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President Biden has signed an executive order changing the handling of serious military crimes, including sexual assault, shifting the authority for these decisions from the victims’ commanders to independent military lawyers.

The Friday order aims to boost the safeguards for military personnel, implementing 2022 legislation designed to prevent their reliance on the judgment of their commanders for sexual assault allegations. According to a White House factsheet, these alterations represent a crucial development for military victims of gender-based violence.

The implementation of this order comes after several years of Congressional disagreements with defense leaders over a surge in military sexual assaults. Congress argued that independent lawyers could enhance the rate of prosecutions since some commanders would often neglect or dismiss charges within their units to safeguard the accused. The military leadership had resisted such changes, expressing concerns about the potential erosion of their authority.

This shift was ultimately part of over two dozen recommendations made by an independent commission on sexual assault in the military, which Defense Secretary Lloyd Austin established in 2021. Although incorporated in last year’s annual defense bill, the change required formal presidential action as it necessitates amendments to the Uniform Code of Military Justice (UCMJ). The White House labeled the reforms as the most significant transformation of the military justice system since establishing the UCMJ in 1950.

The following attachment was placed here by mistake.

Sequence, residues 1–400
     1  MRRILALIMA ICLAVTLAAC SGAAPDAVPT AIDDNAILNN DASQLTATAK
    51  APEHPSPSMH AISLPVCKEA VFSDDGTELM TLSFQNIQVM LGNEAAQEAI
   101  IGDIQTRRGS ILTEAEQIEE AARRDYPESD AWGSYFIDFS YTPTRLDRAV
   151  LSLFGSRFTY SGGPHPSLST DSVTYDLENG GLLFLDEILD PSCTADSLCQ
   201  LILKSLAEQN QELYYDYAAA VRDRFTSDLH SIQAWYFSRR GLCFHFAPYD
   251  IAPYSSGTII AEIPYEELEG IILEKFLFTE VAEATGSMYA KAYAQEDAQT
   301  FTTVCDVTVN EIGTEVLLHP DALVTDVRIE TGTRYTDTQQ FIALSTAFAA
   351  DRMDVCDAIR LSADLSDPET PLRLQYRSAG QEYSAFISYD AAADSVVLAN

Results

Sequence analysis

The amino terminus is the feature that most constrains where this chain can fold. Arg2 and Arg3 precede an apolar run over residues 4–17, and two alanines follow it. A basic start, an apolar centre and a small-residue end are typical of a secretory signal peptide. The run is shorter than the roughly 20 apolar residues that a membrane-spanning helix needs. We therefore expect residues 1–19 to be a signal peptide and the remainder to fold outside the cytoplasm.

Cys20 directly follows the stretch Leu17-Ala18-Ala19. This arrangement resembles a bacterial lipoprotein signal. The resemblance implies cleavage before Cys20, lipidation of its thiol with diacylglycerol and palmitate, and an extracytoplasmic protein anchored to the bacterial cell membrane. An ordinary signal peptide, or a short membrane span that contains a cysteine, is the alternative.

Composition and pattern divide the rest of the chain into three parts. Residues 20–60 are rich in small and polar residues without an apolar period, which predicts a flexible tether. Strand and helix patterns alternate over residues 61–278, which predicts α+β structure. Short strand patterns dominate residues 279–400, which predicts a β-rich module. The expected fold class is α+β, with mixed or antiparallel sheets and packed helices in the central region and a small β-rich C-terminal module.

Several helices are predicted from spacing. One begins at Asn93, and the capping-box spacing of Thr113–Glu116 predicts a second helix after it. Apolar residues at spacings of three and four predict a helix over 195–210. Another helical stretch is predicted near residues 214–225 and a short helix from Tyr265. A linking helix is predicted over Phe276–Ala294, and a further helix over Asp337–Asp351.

Despite the rise in reported sexual assaults in the military, the Pentagon has already begun implementing the changes. The Army, Navy, Marine Corps, and Air Force created new special trial counsel offices last year, set to assume prosecution authority by year’s end, expanding to sexual harassment cases from January 1, 2025.

This all comes as reports of sexual assaults involving service members increased slightly to 8,942 during the 2022 fiscal year. While defense officials see the increase in reported assaults as a sign of growing confidence in the reporting system and support for victims, efforts to reduce the number of assaults have seen less success.


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